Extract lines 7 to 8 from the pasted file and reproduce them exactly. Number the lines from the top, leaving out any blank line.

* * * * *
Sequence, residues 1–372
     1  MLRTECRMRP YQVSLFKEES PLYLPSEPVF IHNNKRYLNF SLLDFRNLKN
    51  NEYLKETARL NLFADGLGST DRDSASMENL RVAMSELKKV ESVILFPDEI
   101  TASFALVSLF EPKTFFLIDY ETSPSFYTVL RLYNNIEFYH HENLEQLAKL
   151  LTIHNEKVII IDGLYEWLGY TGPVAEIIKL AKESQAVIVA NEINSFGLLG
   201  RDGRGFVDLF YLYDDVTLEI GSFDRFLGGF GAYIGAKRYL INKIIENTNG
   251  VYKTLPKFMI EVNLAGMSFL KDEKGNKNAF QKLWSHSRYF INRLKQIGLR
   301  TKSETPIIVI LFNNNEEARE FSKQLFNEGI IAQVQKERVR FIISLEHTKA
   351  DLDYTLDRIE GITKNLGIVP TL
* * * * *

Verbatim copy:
   251  VYKTLPKFMI EVNLAGMSFL KDEKGNKNAF QKLWSHSRYF INRLKQIGLR
   301  TKSETPIIVI LFNNNEEARE FSKQLFNEGI IAQVQKERVR FIISLEHTKA